From Town Criers to Bloggers: How Will Journalism Survive the Internet Age?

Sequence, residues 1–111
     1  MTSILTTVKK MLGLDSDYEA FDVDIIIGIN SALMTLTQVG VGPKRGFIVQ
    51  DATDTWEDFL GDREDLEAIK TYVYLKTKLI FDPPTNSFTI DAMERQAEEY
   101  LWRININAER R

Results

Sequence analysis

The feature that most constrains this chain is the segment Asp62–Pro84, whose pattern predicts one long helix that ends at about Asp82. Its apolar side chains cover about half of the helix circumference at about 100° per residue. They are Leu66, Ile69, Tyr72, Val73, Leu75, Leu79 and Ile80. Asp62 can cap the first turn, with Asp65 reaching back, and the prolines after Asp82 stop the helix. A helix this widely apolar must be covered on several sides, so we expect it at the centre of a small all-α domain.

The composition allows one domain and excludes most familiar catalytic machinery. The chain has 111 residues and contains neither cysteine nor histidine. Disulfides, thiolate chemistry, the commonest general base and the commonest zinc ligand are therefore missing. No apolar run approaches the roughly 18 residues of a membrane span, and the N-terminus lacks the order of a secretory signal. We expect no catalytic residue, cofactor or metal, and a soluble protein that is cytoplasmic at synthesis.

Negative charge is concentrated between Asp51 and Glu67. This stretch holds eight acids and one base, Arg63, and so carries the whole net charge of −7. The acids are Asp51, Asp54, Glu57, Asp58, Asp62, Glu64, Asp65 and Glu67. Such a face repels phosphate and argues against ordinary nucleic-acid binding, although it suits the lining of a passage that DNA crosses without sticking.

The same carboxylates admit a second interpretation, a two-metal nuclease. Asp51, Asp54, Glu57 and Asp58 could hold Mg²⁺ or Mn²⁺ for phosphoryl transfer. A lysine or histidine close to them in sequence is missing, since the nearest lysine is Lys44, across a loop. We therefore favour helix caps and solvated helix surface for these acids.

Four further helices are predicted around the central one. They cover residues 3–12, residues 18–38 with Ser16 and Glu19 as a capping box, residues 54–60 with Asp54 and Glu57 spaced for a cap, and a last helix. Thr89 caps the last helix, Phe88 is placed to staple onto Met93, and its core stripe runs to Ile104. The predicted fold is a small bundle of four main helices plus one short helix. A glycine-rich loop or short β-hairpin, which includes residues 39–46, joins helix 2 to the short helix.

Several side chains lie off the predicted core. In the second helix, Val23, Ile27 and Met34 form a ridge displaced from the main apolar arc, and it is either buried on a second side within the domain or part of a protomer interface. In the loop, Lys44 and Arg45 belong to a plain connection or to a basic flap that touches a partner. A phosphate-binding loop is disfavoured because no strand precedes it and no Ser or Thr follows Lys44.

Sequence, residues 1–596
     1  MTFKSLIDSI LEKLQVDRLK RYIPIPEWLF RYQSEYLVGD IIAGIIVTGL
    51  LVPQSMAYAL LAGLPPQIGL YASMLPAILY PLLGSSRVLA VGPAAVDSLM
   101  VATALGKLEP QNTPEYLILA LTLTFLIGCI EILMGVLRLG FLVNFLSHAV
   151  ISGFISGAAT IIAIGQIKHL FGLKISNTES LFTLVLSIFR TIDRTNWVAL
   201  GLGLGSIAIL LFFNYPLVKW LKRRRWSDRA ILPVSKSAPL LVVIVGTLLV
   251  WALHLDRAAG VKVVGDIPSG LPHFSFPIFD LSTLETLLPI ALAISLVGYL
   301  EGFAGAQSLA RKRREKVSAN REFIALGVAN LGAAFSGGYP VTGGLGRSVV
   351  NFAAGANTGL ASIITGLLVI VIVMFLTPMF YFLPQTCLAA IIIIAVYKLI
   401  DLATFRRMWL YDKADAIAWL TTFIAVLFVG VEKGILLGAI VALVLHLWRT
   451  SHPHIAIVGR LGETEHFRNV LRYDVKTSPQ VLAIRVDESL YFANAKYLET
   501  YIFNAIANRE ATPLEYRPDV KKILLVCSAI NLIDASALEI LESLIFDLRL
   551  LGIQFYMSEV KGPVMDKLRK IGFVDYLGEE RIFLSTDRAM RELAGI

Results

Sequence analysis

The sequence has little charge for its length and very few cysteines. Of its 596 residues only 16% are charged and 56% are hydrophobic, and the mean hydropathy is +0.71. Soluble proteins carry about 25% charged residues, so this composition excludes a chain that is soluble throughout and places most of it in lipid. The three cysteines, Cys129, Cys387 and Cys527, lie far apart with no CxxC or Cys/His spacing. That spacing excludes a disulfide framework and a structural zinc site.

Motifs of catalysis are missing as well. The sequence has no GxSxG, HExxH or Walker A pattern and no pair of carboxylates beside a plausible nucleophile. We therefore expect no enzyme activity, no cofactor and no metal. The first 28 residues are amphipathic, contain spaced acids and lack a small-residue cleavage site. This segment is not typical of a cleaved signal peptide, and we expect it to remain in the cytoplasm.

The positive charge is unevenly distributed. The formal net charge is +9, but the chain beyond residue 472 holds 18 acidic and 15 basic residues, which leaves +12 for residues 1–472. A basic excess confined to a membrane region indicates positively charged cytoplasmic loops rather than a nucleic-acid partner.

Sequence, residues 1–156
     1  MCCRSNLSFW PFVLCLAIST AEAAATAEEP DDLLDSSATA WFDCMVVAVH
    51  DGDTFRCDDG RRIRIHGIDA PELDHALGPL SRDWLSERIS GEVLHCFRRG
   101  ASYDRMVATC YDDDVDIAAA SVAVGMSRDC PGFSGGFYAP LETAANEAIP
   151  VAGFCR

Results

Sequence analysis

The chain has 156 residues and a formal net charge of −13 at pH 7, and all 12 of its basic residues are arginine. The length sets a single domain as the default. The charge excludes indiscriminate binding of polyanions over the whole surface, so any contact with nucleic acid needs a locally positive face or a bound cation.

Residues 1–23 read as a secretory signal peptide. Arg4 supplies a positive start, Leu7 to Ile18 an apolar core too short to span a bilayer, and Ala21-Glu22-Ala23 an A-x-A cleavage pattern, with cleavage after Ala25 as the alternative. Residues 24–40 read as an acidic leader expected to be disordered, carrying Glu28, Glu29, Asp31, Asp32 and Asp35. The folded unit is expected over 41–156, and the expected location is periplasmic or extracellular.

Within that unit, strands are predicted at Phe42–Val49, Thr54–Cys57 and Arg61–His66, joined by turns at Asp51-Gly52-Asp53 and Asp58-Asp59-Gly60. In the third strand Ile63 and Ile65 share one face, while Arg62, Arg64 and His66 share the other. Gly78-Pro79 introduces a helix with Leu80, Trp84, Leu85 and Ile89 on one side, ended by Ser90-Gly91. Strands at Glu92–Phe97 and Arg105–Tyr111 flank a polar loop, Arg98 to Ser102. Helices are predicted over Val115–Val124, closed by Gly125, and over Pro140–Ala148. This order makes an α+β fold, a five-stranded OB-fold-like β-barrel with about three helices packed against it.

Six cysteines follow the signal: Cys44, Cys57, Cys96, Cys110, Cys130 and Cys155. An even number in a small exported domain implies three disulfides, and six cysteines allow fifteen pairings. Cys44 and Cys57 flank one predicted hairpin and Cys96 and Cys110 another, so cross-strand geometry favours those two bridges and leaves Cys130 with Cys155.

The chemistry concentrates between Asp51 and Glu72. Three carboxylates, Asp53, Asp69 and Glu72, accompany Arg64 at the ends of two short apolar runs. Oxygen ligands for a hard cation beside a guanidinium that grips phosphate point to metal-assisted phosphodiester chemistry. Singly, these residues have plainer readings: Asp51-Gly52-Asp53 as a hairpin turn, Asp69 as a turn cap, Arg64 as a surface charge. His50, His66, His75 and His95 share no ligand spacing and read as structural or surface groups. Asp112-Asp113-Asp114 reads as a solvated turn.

See attached comments. One additional point I would like to make relates to the ability of online subscription revenue to replace lost print revenue. There's a very general difficulty with this idea, which can be articulated as follows. Advertising is currently about 80% of the revenue of print newspapers. Consumers are willing to pay only 20% of the cost of putting out the newspaper. So, charging readers for online news should net, at best, the same percentage. Or put another way: at best, revenue from charging readers for online news will increase revenue only 25% above current online news ad revenue. That's far too little to help out. The Newspaper Association of America says that newspaper print ads generated $34 billion in 2008. Using the 80% figure, that means subscription revenue of about $8.5 billion for print newspapers. NAA says that online ads generated about $3 billion in 2008. So, even if online ad revenues stayed the same, (a big if since charging subscribers would almost certainly reduce readership and so ad revenue), charging readers for online news would only generate about $750 million. So looked at this way charging readers for online news cannot be a general solution to the journalism crisis.